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Chapter Three. The Assistant Secretary of the Navy and the Spanish-American War Hero

Joseph Smith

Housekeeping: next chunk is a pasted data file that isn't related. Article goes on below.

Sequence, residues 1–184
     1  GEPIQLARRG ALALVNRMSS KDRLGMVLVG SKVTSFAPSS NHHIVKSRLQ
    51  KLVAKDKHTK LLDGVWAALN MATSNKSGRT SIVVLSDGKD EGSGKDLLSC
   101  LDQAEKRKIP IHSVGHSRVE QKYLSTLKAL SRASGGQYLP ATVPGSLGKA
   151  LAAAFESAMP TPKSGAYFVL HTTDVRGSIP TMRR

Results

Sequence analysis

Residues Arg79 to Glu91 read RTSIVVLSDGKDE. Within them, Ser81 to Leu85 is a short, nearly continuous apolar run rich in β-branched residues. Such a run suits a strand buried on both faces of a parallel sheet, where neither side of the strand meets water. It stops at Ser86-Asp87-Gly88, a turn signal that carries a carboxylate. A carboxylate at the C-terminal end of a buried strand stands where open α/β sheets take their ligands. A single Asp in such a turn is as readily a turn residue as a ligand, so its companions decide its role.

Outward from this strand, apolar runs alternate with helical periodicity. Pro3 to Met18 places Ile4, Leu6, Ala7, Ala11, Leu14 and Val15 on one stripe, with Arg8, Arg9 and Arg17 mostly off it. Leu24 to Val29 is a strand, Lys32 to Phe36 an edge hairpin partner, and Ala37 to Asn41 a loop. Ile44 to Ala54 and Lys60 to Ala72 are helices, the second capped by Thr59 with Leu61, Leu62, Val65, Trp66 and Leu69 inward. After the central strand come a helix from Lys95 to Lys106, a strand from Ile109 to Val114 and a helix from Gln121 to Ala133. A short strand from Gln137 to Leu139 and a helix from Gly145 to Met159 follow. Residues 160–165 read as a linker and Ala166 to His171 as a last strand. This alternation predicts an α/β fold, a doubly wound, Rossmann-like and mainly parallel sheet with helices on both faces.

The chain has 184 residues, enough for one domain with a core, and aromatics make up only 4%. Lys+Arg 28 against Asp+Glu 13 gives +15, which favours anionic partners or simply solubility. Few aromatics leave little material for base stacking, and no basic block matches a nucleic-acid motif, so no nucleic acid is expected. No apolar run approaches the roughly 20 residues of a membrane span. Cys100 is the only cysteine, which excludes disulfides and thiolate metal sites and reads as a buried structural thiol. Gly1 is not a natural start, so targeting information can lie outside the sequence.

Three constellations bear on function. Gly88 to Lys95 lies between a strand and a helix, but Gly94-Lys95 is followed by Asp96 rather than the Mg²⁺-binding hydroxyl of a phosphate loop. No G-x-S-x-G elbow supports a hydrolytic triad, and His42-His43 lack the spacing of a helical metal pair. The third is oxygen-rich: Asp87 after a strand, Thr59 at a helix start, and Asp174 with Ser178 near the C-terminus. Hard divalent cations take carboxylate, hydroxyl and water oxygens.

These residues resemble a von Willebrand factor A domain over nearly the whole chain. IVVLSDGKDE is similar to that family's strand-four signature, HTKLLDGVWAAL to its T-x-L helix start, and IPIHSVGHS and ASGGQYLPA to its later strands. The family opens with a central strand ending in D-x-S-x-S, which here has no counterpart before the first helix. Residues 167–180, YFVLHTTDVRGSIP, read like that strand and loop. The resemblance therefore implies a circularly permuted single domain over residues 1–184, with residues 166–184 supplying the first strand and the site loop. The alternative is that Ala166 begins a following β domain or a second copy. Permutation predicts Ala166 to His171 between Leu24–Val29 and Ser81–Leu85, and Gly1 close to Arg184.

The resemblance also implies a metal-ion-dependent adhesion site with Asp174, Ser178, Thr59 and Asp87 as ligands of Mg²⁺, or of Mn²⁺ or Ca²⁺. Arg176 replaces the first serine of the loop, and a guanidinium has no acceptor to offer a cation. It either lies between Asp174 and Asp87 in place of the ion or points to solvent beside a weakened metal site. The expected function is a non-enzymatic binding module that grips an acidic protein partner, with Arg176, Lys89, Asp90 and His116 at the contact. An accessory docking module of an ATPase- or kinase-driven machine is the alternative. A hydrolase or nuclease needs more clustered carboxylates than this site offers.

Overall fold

“His industry was prodigious. He bought ships for the invasion of Cuba, and fitted them out … When at last the war broke out, Dewey found everything he needed at Hongkong where he sought it, and was able to sail across to Manila a week before they expected him there. ( Riis 1904 , 162) After having actively campaigned on behalf of the Republican candidate, William McKinley, in the 1896 presidential election, TR was keen to secure the reward of an appointment in the new administration. The change would allow him to move to Washington and away from the bruising politics of New York City and his job as Police Commissioner. Moreover, it was known that the post of Assistant Secretary of the Navy would be available. The post was attractive and well suited to TR who had long nourished a personal interest in naval affairs. In his senior year at Harvard in 1879 he had written an essay on the naval aspects of the War of 1812. The essay was eventually published as a book in 1882 entitled The Naval War of 1812. From his readings in naval history, TR was convinced that nations required strong navies if they wished to protect themselves and exert an influence in international affairs. In this respect, TR believed that, although the US Congress had voted a series of appropriations to establish a battleship navy, it was not spending nearly enough on the whole range of modern warships to include ... log in or subscribe to read full text

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